Tracking Chiefs’ top-30 visits, private workouts

It’s the season for pre-draft visits and private workouts for NFL teams.

From March 7 through April 19, NFL teams are permitted to host draft-eligible prospects at their facilities on what is called a top-30 visit. The name of the visit is a bit of a misnomer as many people think it refers to draft status. It simply refers to the 30 allotted pre-draft visits that teams are allowed each year.

Teams can use these 30 visits on whichever draft-eligible players they want. Some teams will use it on high-value targets who could be selected in the first round. Other teams prioritize players who might not be drafted at all. There are even teams who use these visits strategically to feign interest in the public eye.

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What exactly goes on during top-30 visits, though? Prospects have an opportunity to meet with coaching staff members, front office executives and tour the team facilities. Some players who dealt with injuries during college will undergo a medical evaluation with team physicians and trainers. This was key for the Kansas City Chiefs eventually drafting a player like Trey Smith, who dealt with a blood-clotting issue in college.

Teams will often go over a player’s game film with them in order to try and get a better understanding of their football knowledge and how they study the game. From a general point of view, teams often want to just spend some time getting to know the person behind the player. It helps craft an idea of how they’d fit into the team culture and within their local community.

Private workouts are a separate distinction from top-30 visits. These are when scouts or coaches schedule an on-field workout with a player, usually at a player’s school or a pre-determined location. They’re allowed to put prospects through pro-day timing events or have them participate in various football exercises and drills, simulating what might take place in practice or on game day. These typically happen for Kansas City when the team misses out on a pro day or doesn’t have testing information on a player.

Really, both private workouts and top-30 visits are just another tool for NFL teams to gather more information on prospects. That information could help solidify a player’s place on the team’s draft board or it could see them removed from it altogether.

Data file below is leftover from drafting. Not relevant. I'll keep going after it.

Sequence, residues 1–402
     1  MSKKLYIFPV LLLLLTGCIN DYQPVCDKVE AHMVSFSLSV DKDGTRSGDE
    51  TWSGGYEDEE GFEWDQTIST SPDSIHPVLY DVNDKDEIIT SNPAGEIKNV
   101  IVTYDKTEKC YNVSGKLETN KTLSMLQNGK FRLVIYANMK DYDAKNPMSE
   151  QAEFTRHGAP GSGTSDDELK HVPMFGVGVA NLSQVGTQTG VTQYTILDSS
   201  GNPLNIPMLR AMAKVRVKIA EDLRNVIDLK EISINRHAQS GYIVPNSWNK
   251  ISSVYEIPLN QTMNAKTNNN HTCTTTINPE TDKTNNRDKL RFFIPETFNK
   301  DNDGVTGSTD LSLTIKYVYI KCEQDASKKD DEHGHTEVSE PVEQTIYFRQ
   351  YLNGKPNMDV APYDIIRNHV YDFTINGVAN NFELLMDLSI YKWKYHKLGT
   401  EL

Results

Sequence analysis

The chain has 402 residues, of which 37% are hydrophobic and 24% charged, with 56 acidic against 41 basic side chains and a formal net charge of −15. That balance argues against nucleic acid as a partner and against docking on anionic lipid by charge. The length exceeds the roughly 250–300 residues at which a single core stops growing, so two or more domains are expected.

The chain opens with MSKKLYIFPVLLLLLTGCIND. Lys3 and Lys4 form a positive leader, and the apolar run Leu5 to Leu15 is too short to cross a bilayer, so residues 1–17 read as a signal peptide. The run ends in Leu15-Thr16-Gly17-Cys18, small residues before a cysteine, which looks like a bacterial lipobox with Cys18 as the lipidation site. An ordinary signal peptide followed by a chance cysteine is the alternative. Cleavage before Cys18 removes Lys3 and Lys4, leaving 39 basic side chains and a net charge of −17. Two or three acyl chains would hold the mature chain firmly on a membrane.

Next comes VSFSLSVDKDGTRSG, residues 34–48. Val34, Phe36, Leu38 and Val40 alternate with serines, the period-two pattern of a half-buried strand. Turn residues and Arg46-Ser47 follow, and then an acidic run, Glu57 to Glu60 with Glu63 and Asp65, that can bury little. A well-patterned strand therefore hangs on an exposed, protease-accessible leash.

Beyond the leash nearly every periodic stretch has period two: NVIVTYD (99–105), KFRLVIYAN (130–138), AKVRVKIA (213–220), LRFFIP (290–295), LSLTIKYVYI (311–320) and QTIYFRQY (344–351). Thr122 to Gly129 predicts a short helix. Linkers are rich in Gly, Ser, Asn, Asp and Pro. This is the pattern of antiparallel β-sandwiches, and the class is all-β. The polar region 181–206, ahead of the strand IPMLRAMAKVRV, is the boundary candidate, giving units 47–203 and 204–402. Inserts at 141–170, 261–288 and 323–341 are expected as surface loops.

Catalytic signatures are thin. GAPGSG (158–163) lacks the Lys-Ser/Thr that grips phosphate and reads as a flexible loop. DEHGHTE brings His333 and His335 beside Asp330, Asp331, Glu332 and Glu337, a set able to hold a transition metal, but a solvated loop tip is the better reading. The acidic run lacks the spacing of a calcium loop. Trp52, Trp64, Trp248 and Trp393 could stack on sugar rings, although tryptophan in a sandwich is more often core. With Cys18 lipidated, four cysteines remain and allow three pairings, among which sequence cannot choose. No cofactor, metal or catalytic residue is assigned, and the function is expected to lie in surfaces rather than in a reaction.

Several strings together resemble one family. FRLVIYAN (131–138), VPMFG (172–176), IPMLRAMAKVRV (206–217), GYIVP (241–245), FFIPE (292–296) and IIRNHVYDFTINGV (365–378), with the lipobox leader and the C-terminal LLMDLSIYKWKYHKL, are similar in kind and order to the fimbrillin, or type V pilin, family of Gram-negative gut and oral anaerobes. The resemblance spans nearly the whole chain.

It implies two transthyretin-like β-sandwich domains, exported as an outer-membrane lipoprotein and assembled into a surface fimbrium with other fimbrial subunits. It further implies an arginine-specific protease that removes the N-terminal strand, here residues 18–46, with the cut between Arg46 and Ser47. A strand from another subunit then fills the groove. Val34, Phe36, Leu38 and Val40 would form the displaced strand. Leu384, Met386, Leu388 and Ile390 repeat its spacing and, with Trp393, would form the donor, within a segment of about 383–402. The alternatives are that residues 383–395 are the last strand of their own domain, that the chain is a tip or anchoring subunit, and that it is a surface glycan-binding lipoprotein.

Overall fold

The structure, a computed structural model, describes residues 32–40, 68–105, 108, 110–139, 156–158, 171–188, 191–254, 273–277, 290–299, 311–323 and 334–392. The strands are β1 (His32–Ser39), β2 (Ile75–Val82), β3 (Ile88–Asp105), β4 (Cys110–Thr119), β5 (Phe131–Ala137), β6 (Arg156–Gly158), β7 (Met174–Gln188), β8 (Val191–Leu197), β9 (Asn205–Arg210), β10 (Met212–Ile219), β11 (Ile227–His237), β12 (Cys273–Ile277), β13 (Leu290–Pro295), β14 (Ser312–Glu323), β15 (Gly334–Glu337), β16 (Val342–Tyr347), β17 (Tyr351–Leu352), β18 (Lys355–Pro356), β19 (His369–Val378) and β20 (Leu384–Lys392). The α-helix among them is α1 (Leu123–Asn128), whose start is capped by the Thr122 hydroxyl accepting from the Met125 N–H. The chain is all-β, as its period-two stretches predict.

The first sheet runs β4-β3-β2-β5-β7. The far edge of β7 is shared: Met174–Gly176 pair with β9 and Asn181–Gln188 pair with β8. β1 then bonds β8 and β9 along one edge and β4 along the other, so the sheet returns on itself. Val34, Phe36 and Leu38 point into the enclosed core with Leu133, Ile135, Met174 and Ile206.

The Chiefs have already scheduled or completed several visits with a number of prospects. They haven’t had any reported private workouts yet, but if they do in the future, we’ll make note of it. Below you’ll find a list of the prospects who have been in or will travel to Kansas City for top-30 visits, which we’ll keep up to date leading up to the draft:

Western Kentucky CB Kahlef Hailassie

AP Photo/Marco Garcia

A physical cornerback prospect who transferred from the University of Oregon, Hailassie is projected as a Day 3 draft pick or priority free agent in what is considered a deep cornerback class. He certainly could be a player that the Chiefs target to help solidify their depth at the position in 2023.


Read more here.

TCU WR Quentin Johnston

Jerome Miron-USA TODAY Sports

Most either rank Johnston or Ohio State’s Jaxon Smith-Njigba as the top receiver prospect in the 2023 NFL draft. The 6-foot-3 and 208-pound wideout is coming off a career year with TCU despite dealing with an ankle injury late in the year.

Read more here.

SMU WR Rashee Rice

Tommy Gilligan-USA TODAY Sports

An intriguing receiver from Clark Hunt’s alma mater, Rice played two seasons at SMU with Chiefs backup QB Shane Buechele. This past year he hit career-high marks despite dealing with a toe injury.

Read more here.

South Carolina CB Cam Smith

Jeff Blake-USA TODAY Sports


Could we see the Chiefs select a cornerback in the first round for the second year in a row? That’d be surprising given the depth of talent they currently have at the position. Smith is considered to be one of the top cornerbacks in a loaded class.

Read more here.

Tennessee OT Darnell Wright

AP Photo/John Amis

A rising offensive tackle prospect who previously played beside Trey Smith at Tennessee? Sign Chiefs Kingdom all the way up for this one.

Read more here.

UNM S Jerrick Reed II

AP Photo/Tony Avelar

The Lobos haven’t had a defensive back prospect this good since Glover Quin was selected in the fourth round of the 2009 NFL draft. He can play a variety of different positions, including nickel corner, which should benefit him during the pre-draft process.


Read more here.

Stephen F. Austin EDGE BJ Thompson

Kirby Lee-USA TODAY Sports

Thompson is a bit undersized given what Steve Spagnuolo typically likes at the edge rusher position. He’s got the height (6-foot-5), but he’s a little light in the pants at 240 pounds. His athletic testing and production at the FCS level rival some of the top pass rushers in this class, though.

Read more here.

Western Kentucky DT Brodric Martin

Jasen Vinlove-USA TODAY Sports

A two-down, run-stuffing defensive tackle is exactly what the Chiefs need in the defensive line room. Martin provides an immovable force in the run game, who could play true nose tackle for Kansas City.


Read more here.

Pittsburgh EDGE Deslin Alexandre

Charles LeClaire-USA TODAY Sports

The first top-30 visit reported for the Chiefs this cycle, Alexandre is a leader first and foremost. His production on the field over his five-year career at Pitt is an added benefit.

Read more here.

Story originally appeared on Chiefs Wire